The Governor of Puerto Rico announced this past Wednesday via a video message that he is to resign from his post effective August 2nd. Governor Ricardo Roselló was under pressure from both the government and people of Puerto Rico to resign following the leak of text messages in which he denigrated his political opponents and the victims of the Hurricane Maria.
His refusal to resign triggered mass protests that lasted for 13 days, as well as causing political upheaval. Roselló lost support from just about everyone in the ruling party, with over a dozen members of his own administration stepping down – including the Chief of Staff, who resigned on Tuesday.
Leader of the Puerto Rico House of Representatives, Carlos J. Méndez Núñez, said on Wednesday afternoon that an impeachment inquiry conducted by three attorneys showed there was sufficient evidence to remove Rosseló from his position. Méndez said the impeachment process would begin if the Governor continued to refuse to resign, essentially throwing him out by force.
Roslló will be succeeded by Justice Secretary Wanda Vásquez Garced, who has also faced much criticism from the people of Puerto Rico. Usually, the Governor would be replaced by the Secretary of State in these cases, but Rosselló had yet to name a new secretary after his previous one resigned.
Vázquez, a former district attorney for Puerto Rico, has been criticized for failing to prosecute members of her own party. She once went against the Senate leader Thomas Rivera Schatz when two contractors and a staffer were indicted over an alleged fraud scheme.
It’s expected that Vázquez will be sworn into office and complete what is left of Rosellós term, which was due to end in 2020. New elections will then be held at that point.
The leaked messages – sent through messaging app Telegram – show Roselló and 11 of his aides using homophobic and sexist language against female politicians, journalists, and famous Puerto Rican singer Ricky Martin. The group also made fun of victims of Hurricane Maria, infuriating the residents of Puerto Rico.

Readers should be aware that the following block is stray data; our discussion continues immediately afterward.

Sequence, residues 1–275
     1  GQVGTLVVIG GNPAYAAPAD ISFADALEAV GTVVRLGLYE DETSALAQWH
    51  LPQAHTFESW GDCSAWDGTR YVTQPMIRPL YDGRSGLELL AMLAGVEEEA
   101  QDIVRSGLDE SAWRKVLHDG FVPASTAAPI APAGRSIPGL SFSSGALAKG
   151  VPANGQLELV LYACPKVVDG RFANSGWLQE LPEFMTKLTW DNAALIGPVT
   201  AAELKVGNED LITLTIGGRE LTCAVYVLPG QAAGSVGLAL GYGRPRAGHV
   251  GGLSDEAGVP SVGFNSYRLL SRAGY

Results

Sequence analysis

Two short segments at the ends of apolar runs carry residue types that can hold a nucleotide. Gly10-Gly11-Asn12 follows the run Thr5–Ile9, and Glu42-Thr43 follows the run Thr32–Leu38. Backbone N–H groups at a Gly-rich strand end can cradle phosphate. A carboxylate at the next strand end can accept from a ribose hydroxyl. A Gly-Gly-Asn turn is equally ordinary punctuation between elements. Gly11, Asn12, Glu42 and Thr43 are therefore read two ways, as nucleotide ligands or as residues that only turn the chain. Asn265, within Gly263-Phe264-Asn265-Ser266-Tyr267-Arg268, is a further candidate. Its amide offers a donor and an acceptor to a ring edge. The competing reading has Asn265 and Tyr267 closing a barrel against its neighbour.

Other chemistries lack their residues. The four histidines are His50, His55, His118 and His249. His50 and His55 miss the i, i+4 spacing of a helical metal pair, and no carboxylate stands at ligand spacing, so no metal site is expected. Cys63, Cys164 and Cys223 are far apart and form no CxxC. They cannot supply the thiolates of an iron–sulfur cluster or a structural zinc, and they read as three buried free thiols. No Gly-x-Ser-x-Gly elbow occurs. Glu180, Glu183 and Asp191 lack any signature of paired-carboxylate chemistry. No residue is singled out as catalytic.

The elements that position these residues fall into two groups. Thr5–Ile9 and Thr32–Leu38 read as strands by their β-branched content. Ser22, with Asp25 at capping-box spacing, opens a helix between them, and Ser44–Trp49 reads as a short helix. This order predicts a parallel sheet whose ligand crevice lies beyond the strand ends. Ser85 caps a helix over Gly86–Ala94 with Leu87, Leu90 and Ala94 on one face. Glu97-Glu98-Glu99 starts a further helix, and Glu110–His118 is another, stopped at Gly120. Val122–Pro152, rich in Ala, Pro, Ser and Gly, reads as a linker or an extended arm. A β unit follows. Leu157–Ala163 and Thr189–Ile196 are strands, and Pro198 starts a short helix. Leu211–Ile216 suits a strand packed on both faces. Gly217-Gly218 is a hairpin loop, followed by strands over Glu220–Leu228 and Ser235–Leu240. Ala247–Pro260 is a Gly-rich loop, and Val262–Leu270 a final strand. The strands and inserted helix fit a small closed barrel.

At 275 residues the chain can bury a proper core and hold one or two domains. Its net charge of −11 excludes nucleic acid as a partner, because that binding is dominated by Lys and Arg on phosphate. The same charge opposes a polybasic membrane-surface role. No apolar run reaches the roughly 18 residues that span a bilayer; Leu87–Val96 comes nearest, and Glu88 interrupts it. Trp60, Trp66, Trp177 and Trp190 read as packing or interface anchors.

Rosselló begged and pleaded for forgiveness while insisting that he remain in power to finish what he had started. He promised that he wouldn’t run for re-election and he resigned as the head of his New Progressive Party. What he considered to be concessions only made things worse, leading to mass protests when Puerto Ricans of all classes, ages, and ideologies marched on the streets in the largest protest in Puerto Rican history.
With the protests causing havoc and pressure mounting from all sides, it was only a matter of time before Rosselló gave in and resigned from his position. As the news of his departure came in, the group of protestors outside of the Governor’s Mansion, which became the hub of the protests, swelled. As mobile alerts came in of the resignation, demonstrators celebrated long into the night.
Congressman Raul Grijalva (D-Ariz.), who chairs the House Natural Resources Committee that oversees U.S. territories, said the resignation was “long overdue.
“The people of Puerto Rico have shown the world what can happen when a united public demands justice and accountability with a clear voice,” he said in a statement. “Now they must choose what comes next, and Congress must listen.”